Gallstones, and Why Your Dog Has Them

Has your dog had, or been recently diagnosed with gallstones? While they’re not a massively common condition, we do help many dogs with gallstones, here at My Pet Nutritionist. Understandably, owners may be concerned upon news of this diagnosis, so we hope this article helps you understand the condition, and puts your mind more at ease.

What Are Gallstones?

Gallstones can be found in the gallbladder; a pear shaped organ, located just beneath the liver. The gallbladder is a very important part of the digestive system. It stores bile, which is produced by the liver, and is responsible for digesting fat in the diet.

Gallstones are balls of matter, usually made of cholesterol, and hardened bile that form in the gallbladder, blocking it’s ability to secrete bile. Gallstones can be any size from the size of a dust particle, to the size of a ping pong ball!

Findings Here

Symptoms of Gallstones

There are a multitude of symptoms that may present when your dog has gallstones. Let’s take a look at these!
  • ‘downward dog’ yoga pose; this shows a painful abdomen
  • Nausea and vomiting
  • Rapid weight loss
  • Lack of appetite
  • Diarrhoea; can be bloody
  • Jaundice (a yellow tinge to the skin)
  • High body temperature

If your dog has any of, or a number of these symptoms, raise this with your veterinarian.

How Do They Happen?

Poor Digestion

Pets with digestive issues may be at risk of gallstone formatsion. Poor digestion can lead to low stomach acid, which can massively affect gallbladder health. In order for the gallbladder to release bile, the stomach needs to be acidic. Lack of stomach acid causes a decrease in bile production.

Findings Here

Poor Diet

Those eating a high fat diet may be at a higher risk of developing gallstones, as the high fat content puts pressure on the gallbladder. When the gallbladder is under the pressure of high levels of fat, it becomes inflamed, and production of the necessary amounts of bile becomes difficult, leading to the formation of gallstones.

Feeding a dry food may also contribute to the formation of gallstones, as the fat content of may dry foods, on a dry matter basis, is often high/concentrated. Most kibbles are sprayed with fats and oils at the end of the production line to enhance flavour and palatability.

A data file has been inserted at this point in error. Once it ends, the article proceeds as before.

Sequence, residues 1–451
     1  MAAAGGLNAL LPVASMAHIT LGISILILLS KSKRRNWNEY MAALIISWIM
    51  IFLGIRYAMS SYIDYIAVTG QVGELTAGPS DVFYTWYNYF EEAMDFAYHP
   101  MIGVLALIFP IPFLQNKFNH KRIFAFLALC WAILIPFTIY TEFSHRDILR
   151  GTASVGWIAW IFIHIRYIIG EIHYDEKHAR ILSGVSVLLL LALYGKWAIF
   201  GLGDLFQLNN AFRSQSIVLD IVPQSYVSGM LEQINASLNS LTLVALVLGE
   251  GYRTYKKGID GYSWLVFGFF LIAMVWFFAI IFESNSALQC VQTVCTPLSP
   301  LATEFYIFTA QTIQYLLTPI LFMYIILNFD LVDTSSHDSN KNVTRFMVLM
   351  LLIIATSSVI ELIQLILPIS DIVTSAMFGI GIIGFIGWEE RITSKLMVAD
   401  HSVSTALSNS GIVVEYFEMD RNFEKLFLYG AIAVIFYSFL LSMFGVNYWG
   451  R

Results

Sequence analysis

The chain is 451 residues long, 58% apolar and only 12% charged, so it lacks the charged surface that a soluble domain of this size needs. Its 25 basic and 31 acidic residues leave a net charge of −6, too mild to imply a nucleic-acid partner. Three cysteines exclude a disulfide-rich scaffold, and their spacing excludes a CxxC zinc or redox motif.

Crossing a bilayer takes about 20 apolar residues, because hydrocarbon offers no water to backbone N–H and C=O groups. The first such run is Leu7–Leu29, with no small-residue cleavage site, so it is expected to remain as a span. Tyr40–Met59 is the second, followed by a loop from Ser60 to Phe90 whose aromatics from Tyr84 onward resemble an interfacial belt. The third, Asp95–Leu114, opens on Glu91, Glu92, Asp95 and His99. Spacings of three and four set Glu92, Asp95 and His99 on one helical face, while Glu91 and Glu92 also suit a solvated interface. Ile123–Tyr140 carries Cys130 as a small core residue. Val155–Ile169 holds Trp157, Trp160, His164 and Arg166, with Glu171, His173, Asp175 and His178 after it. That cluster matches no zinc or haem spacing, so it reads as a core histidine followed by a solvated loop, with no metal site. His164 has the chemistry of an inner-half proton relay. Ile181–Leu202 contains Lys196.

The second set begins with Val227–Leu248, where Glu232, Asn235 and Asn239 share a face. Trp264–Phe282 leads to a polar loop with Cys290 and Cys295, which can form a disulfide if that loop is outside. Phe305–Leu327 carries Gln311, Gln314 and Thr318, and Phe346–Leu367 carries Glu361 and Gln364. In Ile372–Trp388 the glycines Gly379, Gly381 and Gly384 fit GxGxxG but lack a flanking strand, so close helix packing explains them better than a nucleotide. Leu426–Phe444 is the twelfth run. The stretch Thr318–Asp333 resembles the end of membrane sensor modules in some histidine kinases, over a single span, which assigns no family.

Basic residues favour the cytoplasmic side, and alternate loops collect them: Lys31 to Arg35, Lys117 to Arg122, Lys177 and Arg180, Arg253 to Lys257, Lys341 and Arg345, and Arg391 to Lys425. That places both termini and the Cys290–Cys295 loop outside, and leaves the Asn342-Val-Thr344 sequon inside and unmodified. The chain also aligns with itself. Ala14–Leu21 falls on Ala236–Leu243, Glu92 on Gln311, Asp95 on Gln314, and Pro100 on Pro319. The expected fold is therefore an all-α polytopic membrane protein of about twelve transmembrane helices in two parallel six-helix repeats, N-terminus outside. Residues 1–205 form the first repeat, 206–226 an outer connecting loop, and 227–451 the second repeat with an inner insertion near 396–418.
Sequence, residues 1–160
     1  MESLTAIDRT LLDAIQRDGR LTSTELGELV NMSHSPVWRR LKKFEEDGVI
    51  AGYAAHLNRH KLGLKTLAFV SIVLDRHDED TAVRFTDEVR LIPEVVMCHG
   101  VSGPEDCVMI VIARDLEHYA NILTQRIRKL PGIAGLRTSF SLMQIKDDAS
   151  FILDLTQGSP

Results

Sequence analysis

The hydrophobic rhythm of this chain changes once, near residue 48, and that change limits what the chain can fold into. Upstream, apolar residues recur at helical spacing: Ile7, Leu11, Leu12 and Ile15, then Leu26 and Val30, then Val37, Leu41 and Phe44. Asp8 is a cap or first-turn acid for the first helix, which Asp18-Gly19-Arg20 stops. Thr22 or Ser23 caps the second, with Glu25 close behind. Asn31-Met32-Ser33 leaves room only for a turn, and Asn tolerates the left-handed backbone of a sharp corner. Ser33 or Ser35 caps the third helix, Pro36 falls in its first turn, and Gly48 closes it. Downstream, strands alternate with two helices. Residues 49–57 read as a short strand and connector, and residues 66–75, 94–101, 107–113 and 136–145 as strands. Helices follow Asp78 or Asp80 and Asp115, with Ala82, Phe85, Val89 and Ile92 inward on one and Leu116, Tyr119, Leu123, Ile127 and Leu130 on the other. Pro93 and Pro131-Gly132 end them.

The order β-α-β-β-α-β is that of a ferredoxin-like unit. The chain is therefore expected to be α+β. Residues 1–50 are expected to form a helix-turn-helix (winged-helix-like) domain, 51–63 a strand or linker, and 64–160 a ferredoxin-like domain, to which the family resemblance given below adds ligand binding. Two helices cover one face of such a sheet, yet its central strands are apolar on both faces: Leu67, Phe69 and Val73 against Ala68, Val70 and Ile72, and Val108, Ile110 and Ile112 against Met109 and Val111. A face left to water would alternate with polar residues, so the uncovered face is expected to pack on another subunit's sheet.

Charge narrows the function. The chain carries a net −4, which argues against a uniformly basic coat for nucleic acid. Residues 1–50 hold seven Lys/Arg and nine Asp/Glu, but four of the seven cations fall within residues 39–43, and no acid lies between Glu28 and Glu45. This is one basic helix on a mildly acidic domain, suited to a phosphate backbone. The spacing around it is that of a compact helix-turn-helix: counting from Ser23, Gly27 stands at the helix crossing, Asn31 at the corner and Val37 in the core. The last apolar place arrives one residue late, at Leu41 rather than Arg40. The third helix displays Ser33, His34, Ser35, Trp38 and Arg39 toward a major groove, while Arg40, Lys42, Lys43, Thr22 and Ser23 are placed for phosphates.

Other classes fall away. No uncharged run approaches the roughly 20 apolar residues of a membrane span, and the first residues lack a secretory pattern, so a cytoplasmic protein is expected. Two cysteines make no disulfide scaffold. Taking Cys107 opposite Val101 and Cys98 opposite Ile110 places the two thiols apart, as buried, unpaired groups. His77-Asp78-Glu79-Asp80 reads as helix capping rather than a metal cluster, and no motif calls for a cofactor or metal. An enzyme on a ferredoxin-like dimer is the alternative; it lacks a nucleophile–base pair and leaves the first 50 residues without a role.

Findings Here


Stress hormones have a huge impact on the development of gallstones. When stressed, the liver releases higher amounts of cholesterol, due to the higher production of energy during periods of stress or anger. This increased amount of cholesterol can easily lead to gallstones, as the gallbladder is unable to produce sufficient amounts of bile to digest the excess cholesterol.

Findings Here

How Are They Diagnosed?

If gallstones are suspected in your dog, your veterinarian will want to carry out various tests. An X-Ray will be obtained of your dog’s stomach area, to visually detect any potential masses in the gallbladder, and potential cirrhosis of the liver.

A urinalysis will be performed; this is when the vet takes a urine sample and analyses it to look for excess fats in the urine. These results may flag an issue with the gallbladder.

Finally, bloodwork will be carried out to look for any abnormal values which may point toward the reduced function of one of the body’s organs.

What Negative Effects Can Gallstones Cause?

Cholestasis occurs as a result of gallstones blocking the bile duct entirely. This blockage requires surgical removal. When the gallbladder is blocked, absorption of vitamin D and Calcium becomes poor, as well as the aforementioned symptoms.